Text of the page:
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Author’s legacy offers hope for Arizona’s native wildlife

By

Margaret Coulombe

One Arizonan who recognized the value of the Southwest’s native wildlife was Wendell Lee Minckley, an ASU emeritus professor of biology. Minckley or “Minck,” as he was known to colleagues, came to ASU in 1963.

For the next 35 years, he delved into questions affecting the fate of native fish species, including fish surveys, management and stream renovation. He also described new species and examined the effects of fish stocking. His devotion to the region’s finned resources, their adaptations to extreme temperatures and silt-laden flood waters and their preservation kept Minckley writing even as he fell victim to terminal cancer in 2001. In addition to the more than 200 journal publications, books and book chapters he left behind, were drafts of two books, “Freshwater Fishes of Mexico,” published in 2006, and “Inland Fishes of the Greater Southwest: Chronicle of a Vanishing Biota.”

Released by University of Arizona Press in 2009, “Inland Fishes” builds on Minckley’s seminal work “Fishes of Arizona,” published in 1973. Co-author and longtime scientific partner Paul Marsh, retired faculty research associate from ASU’s School of Life Sciences and director of the Native Fish Laboratory in Tempe, Ariz., carried the project forward. The result is the most comprehensive collection of information about Southwest fishes available and an examination of the concerns facing the Southwestern state management of fish species and waterways. 

“'Inland Fishes of the Greater Southwest' addresses the ecological relationships between the fishes it describes and their environments, paying particular attention to the ways in which human interactions have modified aquatic ecosystems – and to how humans might work to ensure the survival of rapidly disappearing native species,” Marsh said.

Colorful plates and insightful history make this publication more than a field guide. Rather it is “a compendium of all that is known about fishes in the ‘greater Southwest,’” noted David Brown, who reviewed the book for the Game and Fish Department. Brown, a much respected author of books about Arizona’s wildlife and retired research professor with ASU, makes special note of the book’s “provocative discussion about native fish and the impact of non-native fishes, its status report on the region’s aquatic resources, and its comparison of strategies that might save the region’s fishes without impacting sport fishing.”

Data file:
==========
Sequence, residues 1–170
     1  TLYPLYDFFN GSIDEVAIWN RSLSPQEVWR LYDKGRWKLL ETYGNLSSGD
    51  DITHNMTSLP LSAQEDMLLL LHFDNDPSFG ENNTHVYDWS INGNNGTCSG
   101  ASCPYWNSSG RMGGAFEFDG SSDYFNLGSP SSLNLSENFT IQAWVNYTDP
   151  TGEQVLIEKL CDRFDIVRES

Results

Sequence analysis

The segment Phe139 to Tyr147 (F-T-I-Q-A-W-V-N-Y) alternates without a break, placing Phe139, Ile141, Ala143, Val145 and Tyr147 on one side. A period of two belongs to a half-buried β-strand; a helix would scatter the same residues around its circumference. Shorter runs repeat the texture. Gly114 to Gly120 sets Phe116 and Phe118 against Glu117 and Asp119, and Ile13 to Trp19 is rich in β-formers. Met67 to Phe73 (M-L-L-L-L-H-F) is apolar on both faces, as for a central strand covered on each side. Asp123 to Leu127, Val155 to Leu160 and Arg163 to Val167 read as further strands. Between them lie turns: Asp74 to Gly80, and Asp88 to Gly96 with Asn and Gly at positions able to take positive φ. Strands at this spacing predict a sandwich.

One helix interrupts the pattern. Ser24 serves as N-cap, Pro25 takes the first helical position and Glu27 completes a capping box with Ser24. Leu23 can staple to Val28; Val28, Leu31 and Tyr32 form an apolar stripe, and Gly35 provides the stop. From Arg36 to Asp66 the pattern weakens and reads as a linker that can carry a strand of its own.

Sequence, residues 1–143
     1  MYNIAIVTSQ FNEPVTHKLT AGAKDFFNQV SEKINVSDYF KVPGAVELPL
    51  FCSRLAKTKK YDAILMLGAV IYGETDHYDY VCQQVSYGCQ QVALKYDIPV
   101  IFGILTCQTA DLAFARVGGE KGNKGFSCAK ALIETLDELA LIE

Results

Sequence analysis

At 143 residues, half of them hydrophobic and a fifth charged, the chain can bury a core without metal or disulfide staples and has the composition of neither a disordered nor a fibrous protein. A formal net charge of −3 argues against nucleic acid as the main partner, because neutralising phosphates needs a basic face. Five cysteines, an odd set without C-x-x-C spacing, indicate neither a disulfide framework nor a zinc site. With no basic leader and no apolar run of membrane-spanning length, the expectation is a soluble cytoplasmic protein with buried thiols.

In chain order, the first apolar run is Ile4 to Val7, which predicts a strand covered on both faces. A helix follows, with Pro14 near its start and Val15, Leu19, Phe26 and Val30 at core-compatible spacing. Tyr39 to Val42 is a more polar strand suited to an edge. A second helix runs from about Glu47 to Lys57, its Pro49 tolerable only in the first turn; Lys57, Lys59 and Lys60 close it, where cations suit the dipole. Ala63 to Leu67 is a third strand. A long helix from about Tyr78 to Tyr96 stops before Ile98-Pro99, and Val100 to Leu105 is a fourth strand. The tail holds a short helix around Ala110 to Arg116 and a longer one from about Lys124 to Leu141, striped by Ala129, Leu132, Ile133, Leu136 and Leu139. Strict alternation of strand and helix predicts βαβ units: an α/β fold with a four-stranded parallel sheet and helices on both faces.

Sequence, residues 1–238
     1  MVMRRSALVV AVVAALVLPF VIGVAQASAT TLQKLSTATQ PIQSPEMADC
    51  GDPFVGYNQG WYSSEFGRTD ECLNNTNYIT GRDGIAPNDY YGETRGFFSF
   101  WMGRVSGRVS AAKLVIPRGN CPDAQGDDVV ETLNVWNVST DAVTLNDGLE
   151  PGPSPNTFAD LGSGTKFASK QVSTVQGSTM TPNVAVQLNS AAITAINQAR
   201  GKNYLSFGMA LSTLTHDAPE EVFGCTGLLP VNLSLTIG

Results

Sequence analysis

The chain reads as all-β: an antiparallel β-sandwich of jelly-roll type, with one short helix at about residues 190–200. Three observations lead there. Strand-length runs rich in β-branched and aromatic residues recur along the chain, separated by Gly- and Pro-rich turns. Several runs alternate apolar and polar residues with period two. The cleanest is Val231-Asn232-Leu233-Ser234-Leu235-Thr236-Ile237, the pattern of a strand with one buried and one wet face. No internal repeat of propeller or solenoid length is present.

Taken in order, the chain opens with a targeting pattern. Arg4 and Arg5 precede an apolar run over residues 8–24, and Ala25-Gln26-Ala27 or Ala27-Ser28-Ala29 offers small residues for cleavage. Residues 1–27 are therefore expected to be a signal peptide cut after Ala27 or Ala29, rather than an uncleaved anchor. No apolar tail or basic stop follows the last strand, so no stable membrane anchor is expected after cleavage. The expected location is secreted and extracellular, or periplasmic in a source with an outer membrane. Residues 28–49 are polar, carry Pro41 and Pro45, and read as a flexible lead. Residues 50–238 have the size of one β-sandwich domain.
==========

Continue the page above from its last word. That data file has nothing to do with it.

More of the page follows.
Brown also alludes with particular interest to the discussions about how humans have historically impacted the region, “especially the early fishing techniques of Native Americans and the impacts wrought by engineers who created the Salton Sea and tamed the Colorado River with reservoirs.”

What made Minckley so invested in preserving Arizona’s wildlife? Professor James Collins, Minckley’s longtime friend and colleague in ASU’s School of Life Sciences in the College of Liberal Arts and Sciences, believes that it was because Minckley was born in the midst of the Great Depression and the Great Drought in the American Midwest (1933-1942).

“During the Dust Bowl years, prairie communities – under the pressure of agricultural practices and drought – made it clear to scientists and non-scientists alike that man could permanently alter the landscape by ignoring its major resource – in this case, soils. After moving to the Southwest, that same realization regarding the relationship of man and water informed much of Minck’s research on aquatic ecosystems and their organisms – man could permanently, and negatively, alter aquatic habitats and their organisms.”

Minckley not only left a legacy in print and policy, but also as a mentor, Collins said.

Minckley’s students have gone on to become researchers, policymakers, educators and leaders in wildlife and fish management. Minckley alumni include experts, such as James E. Johnson, former U.S. Fish and Wildlife Service Cooperative Unit Leader, now retired from the University of Arkansas; Rob Clarkson, U.S. Bureau of Reclamation (Phoenix); and Dean Hendrickson, curator of fishes, University of Texas Memorial Museum of Science and History. Kirk L. Young, Chief of Fisheries for the Arizona Game and Fish Department, was an undergraduate in two of Minck’s classes, and went on to work for him in a staff position after he graduated, and Heidi Blasius, an award-winning fish specialist with the the Safford office of the U.S. Bureau of Land Management, cut her teeth as a graduate student in his laboratory.

“Minckley taught us that native fishes were evolutionary products of Arizona’s environment – introduced fishes were not,” said Brown, a longtime colleague. “It was that simple. The recent revitalization of such places as Fossil Creek and a much more enlightened attitude toward native fishes are monuments to Minck’s legacy, as are the students who’ve followed in his footsteps.”

“Inland Fishes of the Greater Southwest” received a notable mention in the 2009 Southwest Books of the Year competition, sponsored by the Pima County Public Library. This annual competition celebrates titles published over the past year that “represent the best reading about Southwest subjects and/or those set in the Southwest.”

Two other books from ASU School of Life Sciences faculty were also on this list for 2009, “When the Rains Come: A Naturalist’s Year in the Sonoran Desert,” by John Alcock, ASU professor emeritus, also published by University of Arizona Press, and “Arizona Wildlife: The Territorial years, 1863-1912,” edited by Brown, published by Arizona Game and Fish Department. A careful look at the author listing on the cover of Brown’s book will also reveal the touch of Arizona’s grand old man of fish studies: W. L. Minckley.

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